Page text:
By 1985, transportation software systems included more than simple routing, minimum path, traveling salesman solutions. Although several software vendors played in the industry at that time, only a few began to offer solutions that could optimize loads and put optimal orders together to create multi-stop shipments.
 
Pioneers in multi-modal load optimization planning included: Distribution Sciences, Inc., Optimal Decisions Systems, Inc. and United Management Consultants. Some of these vendors no longer exist; some have been absorbed by other players in the software industry. With a focus on carrier (vs. shipper) planning from/to pool locations, Mentis Corporation and Sunflower Systems (eventually Weseley; then McHugh Software; now RedPrarie) planned multi-stops in and out of pool-points.
 
What prevailed in the load planning systems was "outbound" shipment systems, involving shipments from a single point (manufacturing plants, warehouses, DCs and pool points) to many points (customers, stores). For the most part, through the early '80s any discussion of inbound logistics management was a mere speculation.
 
Through the last part of the 1980s, software vendors of "consolidation/load optimization" software attempted to reverse the outbound process to create an inbound logistics management system. Other attempts to build inbound logistics planning software with multi-stops assigned a "seed" order or location and attached nearby orders, often according to weight or volume. Such solutions almost always resulted in non-minimum path solutions, and therefore higher costs. Additionally, large orders (a.k.a., "greedy" solutions) begot smaller orders, ultimately leaving smaller orders unoptimized.
 
Again, these solutions failed to address the way inbound logistics planning worked, i.e., shipments involved multiple stops at suppliers or vendors to single or multiple destinations points which were distribution centers or depots. Reversing the outbound algorithms failed to address the complexity of the inbound process.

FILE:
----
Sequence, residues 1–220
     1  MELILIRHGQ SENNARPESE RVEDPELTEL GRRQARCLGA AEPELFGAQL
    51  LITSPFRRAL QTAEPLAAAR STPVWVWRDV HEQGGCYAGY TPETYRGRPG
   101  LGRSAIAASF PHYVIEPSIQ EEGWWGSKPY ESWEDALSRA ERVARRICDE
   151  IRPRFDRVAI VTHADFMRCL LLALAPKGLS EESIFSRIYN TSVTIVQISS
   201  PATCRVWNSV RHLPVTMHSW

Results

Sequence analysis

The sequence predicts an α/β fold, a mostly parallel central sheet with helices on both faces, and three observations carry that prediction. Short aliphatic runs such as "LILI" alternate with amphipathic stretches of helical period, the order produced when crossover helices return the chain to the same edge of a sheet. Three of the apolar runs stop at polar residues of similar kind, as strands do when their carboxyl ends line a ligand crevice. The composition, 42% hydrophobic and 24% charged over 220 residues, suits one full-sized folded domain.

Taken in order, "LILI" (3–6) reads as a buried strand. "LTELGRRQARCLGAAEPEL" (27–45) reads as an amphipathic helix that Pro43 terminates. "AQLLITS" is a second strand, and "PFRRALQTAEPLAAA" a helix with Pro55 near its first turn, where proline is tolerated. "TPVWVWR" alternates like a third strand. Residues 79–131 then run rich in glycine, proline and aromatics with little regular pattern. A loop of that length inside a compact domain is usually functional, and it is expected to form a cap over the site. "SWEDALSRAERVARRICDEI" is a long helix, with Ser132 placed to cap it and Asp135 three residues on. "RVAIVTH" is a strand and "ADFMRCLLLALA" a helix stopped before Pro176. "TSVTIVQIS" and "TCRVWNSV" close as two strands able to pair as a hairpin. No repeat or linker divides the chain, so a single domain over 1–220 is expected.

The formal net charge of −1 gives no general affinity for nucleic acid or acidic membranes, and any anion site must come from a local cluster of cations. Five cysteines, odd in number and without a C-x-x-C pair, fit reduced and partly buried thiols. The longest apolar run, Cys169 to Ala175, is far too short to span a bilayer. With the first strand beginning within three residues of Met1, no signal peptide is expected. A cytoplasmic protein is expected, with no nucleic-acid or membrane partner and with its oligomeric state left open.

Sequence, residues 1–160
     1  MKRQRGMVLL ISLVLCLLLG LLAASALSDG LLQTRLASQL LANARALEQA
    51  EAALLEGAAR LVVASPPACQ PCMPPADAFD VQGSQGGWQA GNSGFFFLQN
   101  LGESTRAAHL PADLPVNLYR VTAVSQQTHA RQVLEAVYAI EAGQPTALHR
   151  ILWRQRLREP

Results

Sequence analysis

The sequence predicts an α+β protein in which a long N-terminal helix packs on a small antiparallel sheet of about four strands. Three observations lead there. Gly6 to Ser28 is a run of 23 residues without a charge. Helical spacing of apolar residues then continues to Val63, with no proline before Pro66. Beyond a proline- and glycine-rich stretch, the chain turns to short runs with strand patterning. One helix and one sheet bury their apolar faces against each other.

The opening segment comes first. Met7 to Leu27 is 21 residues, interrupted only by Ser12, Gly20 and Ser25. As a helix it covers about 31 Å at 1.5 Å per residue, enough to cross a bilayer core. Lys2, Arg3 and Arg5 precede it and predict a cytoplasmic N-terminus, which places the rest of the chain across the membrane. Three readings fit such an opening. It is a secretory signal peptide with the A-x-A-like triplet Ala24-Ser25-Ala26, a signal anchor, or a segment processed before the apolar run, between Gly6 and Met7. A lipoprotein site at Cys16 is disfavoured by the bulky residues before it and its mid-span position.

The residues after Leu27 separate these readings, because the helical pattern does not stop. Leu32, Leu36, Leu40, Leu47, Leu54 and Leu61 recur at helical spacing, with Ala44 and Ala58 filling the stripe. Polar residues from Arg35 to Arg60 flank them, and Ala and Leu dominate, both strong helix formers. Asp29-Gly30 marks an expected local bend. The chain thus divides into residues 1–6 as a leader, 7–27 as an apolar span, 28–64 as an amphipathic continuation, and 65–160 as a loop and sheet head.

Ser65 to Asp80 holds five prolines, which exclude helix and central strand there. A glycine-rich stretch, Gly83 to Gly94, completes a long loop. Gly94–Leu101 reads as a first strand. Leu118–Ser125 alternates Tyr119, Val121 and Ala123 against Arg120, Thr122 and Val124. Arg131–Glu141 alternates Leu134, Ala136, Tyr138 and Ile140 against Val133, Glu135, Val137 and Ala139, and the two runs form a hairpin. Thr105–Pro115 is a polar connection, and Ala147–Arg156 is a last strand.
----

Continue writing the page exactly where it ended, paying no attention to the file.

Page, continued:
Inbound Logistics Management – System Requirements
 
The mid- to late-'80s defined the following relative to inbound logistics management:
 
  • Traffic departments realized that monies were lost by not controlling the inbound logistics process.
  • Corporations were less interested in building transportation costs into product prices; corporations wanted to address all areas of price cutting separately.
  • A focus on inbound logistics planning increased, assuming better rates could be negotiated with carriers and better service could be achieved with increased volume of traffic.
  • Inbound logistics reduced the non-controllable LTL moves and was assumed to minimize handling damage and address the touted just-in-time (JIT) delivery of goods. Most importantly, inbound logistics management addressed on-time delivery requirements.
  • For the retailer, inbound logistics planning addressed a need to minimize inventory levels, improve turns and downsize DC capital investments.
  • Inbound planners attempted to "beat" the transportation costs proposed by suppliers and vendors with the option to select whom plans the move.
  • As a result of watching inventory levels, increasingly shipments (purchase orders) involved LTL shipments. This required combining shipments from multiple vendors/suppliers into full truckloads.
  • An increased need existed for "visibility" of shipments. For retailers, this visibility insured that shipments reached stores to meet ad dates; for manufacturers, visibility enabled them to redirect shipments relative to MRP planning, i.e., to meet all components of supply chain management.
 
As the inbound logistics planner moved into the 1990s, other issues became part of the transportation planning equation:
 
  • Pre-ticketed, store destination goods began moving through a cross-dock facility or directly to the final destination. As a result, the complexity of inbound moves required more advanced algorithms in transportation software to process the exponentially increasing number of alternative combinations of potential pick-up and drop-off points.
  • Strong corporate desire to minimize capital investment in DCs and warehouses developed. Firms were downsizing the number of facilities owned, (looking for software to help analyze alternatives) while placing increased importance on minimizing network mileage in the shipping process. An increasing use of pool facilities developed as an alternative to private DCs or warehouses.
  • Customer service became key to logistics strategies, with on-time delivery, regional warehouses to better serve customer needs. With a focus on on-time delivery, the demands on logistics software were redefined.
 
Inbound Logistics in the late-'80s
 
By the end of the 1980s, an intense interest was identified in inbound logistics planning. This was fueled by the Department of Defense (DOD), which acted as its own third-party logistics planner, as well as by retailers who saw that a major reduction in transportation costs could be achieved by taking control of the inbound planning process. The approach by both was quite simple: convert LTL shipments to TL shipments by planning multi-stop moves.
 
After a review of inbound logistics software for DOD's Military Traffic Management Command (MTMC) in 1985, ARCLOGIX found that vendors of optimizing load planning systems did not provide or address inbound logistics planning.